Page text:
Propagate Ivy: How To Make Cuttings

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You can easily propagate your ivy via cuttings. You have two different options for this. Which one you choose is entirely up to you.

Propagate ivy: Find the right cutting

Ivy is a low-maintenance, undemanding plant that is easy to propagate. You can use either head cuttings or partial cuttings.

Head cuttings consist of a stem with a shoot tip and some leaves.
Partial or stem cuttings, on the other hand, consist of a central part of a branch and accordingly do not have a shoot tip. These are usually more suitable for ivy.
Tip: Cuttings are best cut in late summer or early fall.

Cut the cuttings so that they are about ten centimeters long and have at least three leaf nodes.
Be sure to note where the “top” and “bottom” are. The cuttings must then be planted in the soil or placed in water with the correct side down.
Remove the lower leaves and let the cuttings dry for several hours.
After that you can choose one of the two following rooting methods.

Am besten schneidest du gleich mehrere Stecklinge.

Rooting ivy in potting soil.

In the first variant, the cutting is placed directly in soil. Here it is advisable to put several cuttings together in one pot. This way, the plant will look fuller and denser from the start.

You will need

  • a small pot with holes at the bottom,
  • growing soil,
  • some sand or pebbles
  • and possibly a glass bell jar.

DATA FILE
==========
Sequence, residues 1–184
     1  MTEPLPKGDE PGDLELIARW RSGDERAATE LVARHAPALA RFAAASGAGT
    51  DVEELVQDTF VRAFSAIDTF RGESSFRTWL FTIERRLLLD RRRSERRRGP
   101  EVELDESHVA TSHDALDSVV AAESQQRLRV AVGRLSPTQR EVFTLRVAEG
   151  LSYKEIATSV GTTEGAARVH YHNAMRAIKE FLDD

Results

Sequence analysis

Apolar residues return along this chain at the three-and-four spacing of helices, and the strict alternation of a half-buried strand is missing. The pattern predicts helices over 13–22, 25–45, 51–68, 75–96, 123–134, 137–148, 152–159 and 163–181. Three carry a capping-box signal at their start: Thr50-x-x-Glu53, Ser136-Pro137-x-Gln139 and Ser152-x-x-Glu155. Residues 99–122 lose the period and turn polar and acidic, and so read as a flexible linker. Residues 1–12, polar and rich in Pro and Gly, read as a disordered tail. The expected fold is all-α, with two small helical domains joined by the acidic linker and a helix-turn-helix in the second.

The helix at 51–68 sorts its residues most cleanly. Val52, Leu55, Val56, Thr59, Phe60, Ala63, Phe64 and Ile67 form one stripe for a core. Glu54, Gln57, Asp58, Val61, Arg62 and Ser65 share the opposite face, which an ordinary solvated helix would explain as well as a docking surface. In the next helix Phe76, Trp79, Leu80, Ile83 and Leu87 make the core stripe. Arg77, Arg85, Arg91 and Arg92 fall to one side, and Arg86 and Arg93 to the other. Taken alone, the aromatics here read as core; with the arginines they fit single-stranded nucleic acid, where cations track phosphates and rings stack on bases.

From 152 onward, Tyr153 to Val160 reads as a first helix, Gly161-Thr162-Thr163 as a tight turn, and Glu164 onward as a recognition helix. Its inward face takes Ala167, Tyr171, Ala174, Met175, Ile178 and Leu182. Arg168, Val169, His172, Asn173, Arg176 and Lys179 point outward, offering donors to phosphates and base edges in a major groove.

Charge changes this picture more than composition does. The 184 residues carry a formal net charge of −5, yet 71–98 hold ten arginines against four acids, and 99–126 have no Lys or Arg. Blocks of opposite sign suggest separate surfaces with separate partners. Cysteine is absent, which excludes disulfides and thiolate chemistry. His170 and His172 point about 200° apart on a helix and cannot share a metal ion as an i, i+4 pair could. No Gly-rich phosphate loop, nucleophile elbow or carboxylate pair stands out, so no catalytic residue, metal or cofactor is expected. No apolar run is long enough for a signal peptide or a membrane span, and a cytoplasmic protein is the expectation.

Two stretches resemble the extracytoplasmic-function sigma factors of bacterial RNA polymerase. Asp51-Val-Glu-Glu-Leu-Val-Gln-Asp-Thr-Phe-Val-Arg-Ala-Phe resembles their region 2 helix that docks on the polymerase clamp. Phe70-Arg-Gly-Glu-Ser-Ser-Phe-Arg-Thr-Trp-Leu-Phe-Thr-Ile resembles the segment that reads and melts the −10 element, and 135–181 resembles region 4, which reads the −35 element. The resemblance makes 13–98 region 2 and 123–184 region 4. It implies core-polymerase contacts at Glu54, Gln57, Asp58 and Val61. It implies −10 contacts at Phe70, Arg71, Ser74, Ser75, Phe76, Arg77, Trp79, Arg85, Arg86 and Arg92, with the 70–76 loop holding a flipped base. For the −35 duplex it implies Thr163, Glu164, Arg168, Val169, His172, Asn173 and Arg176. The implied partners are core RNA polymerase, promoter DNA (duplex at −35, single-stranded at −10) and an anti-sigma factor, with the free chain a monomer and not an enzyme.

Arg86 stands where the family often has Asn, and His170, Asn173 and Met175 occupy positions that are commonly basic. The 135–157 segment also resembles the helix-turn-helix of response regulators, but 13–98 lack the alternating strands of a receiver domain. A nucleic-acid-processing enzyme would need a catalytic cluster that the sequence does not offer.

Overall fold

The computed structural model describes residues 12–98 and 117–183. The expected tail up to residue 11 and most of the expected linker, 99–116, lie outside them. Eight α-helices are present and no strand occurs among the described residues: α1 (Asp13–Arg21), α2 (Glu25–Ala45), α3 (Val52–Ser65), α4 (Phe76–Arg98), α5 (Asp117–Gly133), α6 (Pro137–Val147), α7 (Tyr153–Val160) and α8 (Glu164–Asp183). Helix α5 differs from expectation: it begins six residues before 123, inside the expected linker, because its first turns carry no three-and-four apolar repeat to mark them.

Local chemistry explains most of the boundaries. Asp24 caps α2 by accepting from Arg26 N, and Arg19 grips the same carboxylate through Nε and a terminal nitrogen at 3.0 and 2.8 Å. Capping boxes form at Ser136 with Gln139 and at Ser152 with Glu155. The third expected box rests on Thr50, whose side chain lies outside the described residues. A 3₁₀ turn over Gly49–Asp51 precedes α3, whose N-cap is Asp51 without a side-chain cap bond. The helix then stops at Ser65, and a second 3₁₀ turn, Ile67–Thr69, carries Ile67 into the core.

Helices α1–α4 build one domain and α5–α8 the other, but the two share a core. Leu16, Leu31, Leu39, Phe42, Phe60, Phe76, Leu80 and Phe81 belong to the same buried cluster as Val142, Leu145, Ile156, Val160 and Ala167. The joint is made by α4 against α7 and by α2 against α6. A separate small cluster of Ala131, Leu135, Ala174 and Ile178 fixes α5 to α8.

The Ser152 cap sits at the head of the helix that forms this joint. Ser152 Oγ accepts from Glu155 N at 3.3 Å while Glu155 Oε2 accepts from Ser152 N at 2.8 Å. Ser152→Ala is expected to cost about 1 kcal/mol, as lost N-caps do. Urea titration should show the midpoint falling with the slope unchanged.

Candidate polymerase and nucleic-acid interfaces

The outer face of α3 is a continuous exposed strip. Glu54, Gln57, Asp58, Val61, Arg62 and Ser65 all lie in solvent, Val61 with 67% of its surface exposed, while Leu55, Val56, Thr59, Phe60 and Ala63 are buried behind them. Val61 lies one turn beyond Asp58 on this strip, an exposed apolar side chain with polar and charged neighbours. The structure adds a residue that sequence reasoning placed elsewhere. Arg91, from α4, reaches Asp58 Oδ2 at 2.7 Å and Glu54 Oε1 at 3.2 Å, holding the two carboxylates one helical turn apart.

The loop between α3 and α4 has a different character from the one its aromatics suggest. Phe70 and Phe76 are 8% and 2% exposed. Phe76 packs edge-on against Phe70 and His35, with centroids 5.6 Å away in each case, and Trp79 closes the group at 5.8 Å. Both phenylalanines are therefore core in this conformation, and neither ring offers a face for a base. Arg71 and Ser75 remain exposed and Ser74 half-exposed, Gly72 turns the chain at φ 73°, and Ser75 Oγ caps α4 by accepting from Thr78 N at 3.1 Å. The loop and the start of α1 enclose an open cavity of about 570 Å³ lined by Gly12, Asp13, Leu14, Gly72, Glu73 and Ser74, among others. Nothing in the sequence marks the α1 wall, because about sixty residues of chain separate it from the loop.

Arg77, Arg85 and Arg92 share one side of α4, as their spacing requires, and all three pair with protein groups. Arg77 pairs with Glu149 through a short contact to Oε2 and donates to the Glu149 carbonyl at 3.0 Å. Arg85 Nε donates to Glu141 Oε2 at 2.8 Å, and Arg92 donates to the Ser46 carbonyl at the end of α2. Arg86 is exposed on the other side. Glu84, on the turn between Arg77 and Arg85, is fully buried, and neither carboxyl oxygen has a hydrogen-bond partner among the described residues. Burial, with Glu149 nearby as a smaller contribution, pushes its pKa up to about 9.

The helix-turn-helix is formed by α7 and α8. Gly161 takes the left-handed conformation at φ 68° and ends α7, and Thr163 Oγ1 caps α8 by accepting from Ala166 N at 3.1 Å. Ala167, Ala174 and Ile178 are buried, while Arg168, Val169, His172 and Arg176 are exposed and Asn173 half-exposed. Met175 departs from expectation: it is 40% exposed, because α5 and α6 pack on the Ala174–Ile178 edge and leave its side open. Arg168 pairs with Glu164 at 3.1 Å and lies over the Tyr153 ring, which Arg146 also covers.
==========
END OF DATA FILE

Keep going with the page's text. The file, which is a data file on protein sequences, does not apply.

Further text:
• And this is how you proceed:
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First fill the planter with a drainage layer of sand or gravel. It should be about one centimeter high.
Then pour the growing soil over it and place the cuttings next to each other. The cuttings should be as deep as possible in the soil so that they root well.
Water the cuttings and place them in a not too bright place. In the best case you put a glass bell over the pots, so that a permanent constant humidity is guaranteed. You can find such glass bells in many decoration stores. Important: Once a day you should “ventilate” so that no mold develops.
After about eight weeks, the ivy cuttings should have formed roots. Then you can remove the cover.

Rooting ivy in a water glass

The cuttings of many plants can be rooted very well in water. The advantages of this method: you have almost no effort and you can observe the root growth of your plantlets super. Keep in mind, however, that after rooting, the plants will have to survive another change of location when they are transplanted into soil. Sometimes they do not tolerate this change.

All you need for the water method is

  • some lukewarm tap water
  • and a glass jar.

Tip: The glass container should have a large enough opening. This way you will not easily damage the newly formed roots when you remove the cutting.

Fill the glass container with lukewarm tap water and place the cutting inside.
Place the glass in a bright place without direct sunlight.
If the water evaporates or becomes cloudy, you should replace it with fresh water.
Now it is time to wait. When the roots have reached a length of about two centimeters, take them out of the water and plant them in soil.
By the way: Certain plants in the bedroom can ensure a healthier sleep – and ivy is one of them.

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  • James Jones

    Meet James Jones, a passionate gardening writer whose words bloom with the wisdom of an experienced horticulturist. With a deep-rooted love for all things green, James has dedicated his life to sharing the art and science of gardening with the world. James's words have found their way into countless publications, and his gardening insights have inspired a new generation of green thumbs. His commitment to sustainability and environmental stewardship shines through in every article he crafts.

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